From back, left to right, Tyler McClellan, Dalton Gibson, Reid Fracchia, Davis Rippee, Kyle Kantor, Mac Temple, Steven Winford, Parker Kennedy, Nathan Lucas, Nic Beddingfield, Brennan Canton, Ben McDowell, Cory Tirman, Caroline Nall, Hannah McCowan, Amanda Ray, Glennis McWilliams, Annalee Purdie, Rose Maxwell, Madison Carroll, Georgia Gibson, Robyn Hadden, Clarke Wilkirson, Sydney Hays. Not pictured are Rebecca Nosef and Bryn Noble.
ACT scores among Jackson Academy students are showing an upward trend in several categories. The class of 2015 averaged a composite score of 25.3, up from the past two years and above JA’s recent five-year average of 25. The state average is 19 and the national average is 21.
Two particular categories of JA test takers demonstrate notable figures. Students attending JA since Lower School averaged 26.2 this year. Students in advanced curriculum averaged 30 in 2014 and 2015.
Overall, 28 percent of seniors have already scored 29 or above to date, making them eligible for Mississippi’s Eminent Scholars Grant, a $2500 per year grant awarded to in-state residents pursuing their first degree at an approved post-secondary institution in Mississippi. Recipients of the grant also must have maintained a high school cumulative grade point average of 3.50 on a 4.0 scale. Testing dates remain for this ACT testing cycle, so additional Eminent Scholars are expected. Juniors are also scoring 29 and above at a rate similar to the senior class.
While scores are showing an uptick, counselors are quick to point out that the ACT score is just one indication of college readiness. “JA is on the leading edge of preparing students for college success,” said Amy Bush, JA college counselor. “Our students are prepared for college and are successful in college.” The school engages students in early college and career awareness, helps students set high aspirations, and ensures that they plan a rigorous Upper School course load.
Counselor and Coordinator of Student Services Paula Pratt said three factors play into students’ testing success: their regular classroom course of study; workshops and classes designed for ACT preparation; and JA serving as an ACT testing site.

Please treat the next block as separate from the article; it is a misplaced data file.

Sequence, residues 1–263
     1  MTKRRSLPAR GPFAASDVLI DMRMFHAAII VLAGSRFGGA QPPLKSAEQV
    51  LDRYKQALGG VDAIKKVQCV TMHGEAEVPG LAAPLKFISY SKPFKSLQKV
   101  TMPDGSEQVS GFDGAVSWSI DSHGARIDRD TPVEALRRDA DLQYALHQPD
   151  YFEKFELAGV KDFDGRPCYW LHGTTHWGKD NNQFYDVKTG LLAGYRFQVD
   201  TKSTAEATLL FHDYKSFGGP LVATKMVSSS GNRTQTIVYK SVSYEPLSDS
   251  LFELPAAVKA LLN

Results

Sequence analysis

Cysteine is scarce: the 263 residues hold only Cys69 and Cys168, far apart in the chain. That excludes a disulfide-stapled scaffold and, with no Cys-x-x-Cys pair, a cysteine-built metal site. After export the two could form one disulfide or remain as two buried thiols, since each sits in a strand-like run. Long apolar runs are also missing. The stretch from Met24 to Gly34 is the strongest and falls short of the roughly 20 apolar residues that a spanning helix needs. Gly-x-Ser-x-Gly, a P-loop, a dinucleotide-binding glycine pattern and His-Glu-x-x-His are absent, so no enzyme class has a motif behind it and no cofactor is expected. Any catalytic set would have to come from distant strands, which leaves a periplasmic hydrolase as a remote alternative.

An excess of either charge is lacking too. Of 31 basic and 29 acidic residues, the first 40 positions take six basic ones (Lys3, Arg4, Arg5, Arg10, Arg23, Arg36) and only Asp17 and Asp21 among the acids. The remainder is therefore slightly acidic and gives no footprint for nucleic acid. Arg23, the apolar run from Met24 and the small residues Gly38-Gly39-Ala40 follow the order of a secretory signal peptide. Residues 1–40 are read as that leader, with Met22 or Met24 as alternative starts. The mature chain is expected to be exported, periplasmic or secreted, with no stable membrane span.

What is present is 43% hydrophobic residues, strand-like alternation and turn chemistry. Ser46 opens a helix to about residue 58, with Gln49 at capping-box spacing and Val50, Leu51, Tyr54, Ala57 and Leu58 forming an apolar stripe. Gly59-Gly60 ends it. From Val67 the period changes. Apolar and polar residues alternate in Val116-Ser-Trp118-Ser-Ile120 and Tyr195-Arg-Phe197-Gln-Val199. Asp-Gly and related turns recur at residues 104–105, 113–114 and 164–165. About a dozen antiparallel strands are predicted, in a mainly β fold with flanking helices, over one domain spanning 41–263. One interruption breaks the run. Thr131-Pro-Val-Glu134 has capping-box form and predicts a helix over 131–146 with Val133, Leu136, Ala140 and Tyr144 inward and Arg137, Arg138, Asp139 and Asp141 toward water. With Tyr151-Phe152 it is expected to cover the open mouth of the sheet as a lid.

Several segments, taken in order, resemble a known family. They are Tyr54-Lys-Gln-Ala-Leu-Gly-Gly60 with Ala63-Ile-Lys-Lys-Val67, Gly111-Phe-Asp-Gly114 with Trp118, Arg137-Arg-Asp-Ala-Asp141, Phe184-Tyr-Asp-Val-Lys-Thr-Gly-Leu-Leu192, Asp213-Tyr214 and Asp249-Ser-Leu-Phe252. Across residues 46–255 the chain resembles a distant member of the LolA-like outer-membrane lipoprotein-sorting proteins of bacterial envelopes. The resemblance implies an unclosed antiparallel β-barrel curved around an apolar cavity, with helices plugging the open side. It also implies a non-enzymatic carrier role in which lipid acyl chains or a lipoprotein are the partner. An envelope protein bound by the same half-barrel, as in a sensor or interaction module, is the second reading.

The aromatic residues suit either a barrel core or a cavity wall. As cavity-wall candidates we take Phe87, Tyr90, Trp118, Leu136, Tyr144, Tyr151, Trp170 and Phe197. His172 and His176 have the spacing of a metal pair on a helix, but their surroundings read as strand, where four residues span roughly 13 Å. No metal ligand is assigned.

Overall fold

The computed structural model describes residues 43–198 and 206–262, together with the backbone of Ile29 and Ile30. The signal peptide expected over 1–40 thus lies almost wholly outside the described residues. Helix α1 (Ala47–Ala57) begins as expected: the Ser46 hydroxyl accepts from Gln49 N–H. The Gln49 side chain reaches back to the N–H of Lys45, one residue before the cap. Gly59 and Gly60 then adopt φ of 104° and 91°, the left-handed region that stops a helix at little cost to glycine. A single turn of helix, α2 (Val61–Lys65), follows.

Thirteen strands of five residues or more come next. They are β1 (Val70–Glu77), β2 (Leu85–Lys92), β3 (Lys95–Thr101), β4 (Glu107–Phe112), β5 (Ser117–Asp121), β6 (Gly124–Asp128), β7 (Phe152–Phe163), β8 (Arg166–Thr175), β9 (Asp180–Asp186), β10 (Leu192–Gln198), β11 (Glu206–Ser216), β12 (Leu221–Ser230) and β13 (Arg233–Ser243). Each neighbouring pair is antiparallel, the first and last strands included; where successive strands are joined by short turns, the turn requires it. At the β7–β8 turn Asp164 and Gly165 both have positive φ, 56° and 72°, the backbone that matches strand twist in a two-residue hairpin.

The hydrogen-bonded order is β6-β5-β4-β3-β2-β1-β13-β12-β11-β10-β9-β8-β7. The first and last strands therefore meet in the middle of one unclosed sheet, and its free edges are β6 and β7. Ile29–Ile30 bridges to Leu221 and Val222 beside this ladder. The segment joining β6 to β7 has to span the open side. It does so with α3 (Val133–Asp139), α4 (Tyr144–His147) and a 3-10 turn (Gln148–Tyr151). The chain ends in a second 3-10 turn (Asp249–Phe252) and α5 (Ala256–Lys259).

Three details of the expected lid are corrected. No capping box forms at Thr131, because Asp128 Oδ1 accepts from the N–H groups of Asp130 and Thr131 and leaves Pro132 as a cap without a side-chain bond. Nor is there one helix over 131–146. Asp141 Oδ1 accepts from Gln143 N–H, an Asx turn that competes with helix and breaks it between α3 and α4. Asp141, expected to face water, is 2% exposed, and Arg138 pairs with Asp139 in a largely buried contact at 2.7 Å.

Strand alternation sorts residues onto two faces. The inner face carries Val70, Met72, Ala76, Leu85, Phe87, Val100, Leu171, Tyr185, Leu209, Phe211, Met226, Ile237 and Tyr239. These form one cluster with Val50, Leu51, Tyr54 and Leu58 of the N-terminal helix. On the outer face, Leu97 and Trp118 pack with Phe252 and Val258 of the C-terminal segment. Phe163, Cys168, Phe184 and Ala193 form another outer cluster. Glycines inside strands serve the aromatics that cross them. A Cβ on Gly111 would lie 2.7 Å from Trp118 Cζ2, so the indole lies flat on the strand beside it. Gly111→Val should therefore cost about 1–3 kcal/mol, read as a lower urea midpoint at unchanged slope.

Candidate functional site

“Preparation for college admissions testing starts in the classroom,” said Pratt. “What occurs every day in the classroom is key to students reaching college readiness benchmarks. At JA, regular classroom preparation has proven effective for preparing students.” A college readiness benchmark is a score on each of the subsections (English, math, reading, and science) of the ACT that the ACT, Inc. uses as the minimum score that would predict college success in that area. JA also offers classes and workshops for students who wish to go beyond regular classroom study to advance their scores.
JA takes serving as an official ACT testing site very seriously, so it arranges for qualified proctors and maintains a quiet and orderly testing environment. Pratt says that letting students test in classrooms that are familiar to them in desks that are comfortable for extended testing can make a difference. Students can test at JA at all testing dates except June. Also, students from other schools can test at JA.
“Helping students reach college readiness is an important task of any school, and we are pleased with JA’s success in preparing students for college. Our mission includes helping students lead lives of purpose and significance. ACT scores are just one measure of preparation, and we encourage families to consider scores along with other qualities their children possess, such as grade point average, leadership, service, and artistic or athletic giftedness, when preparing for college admissions,” said JA President Cliff Kling.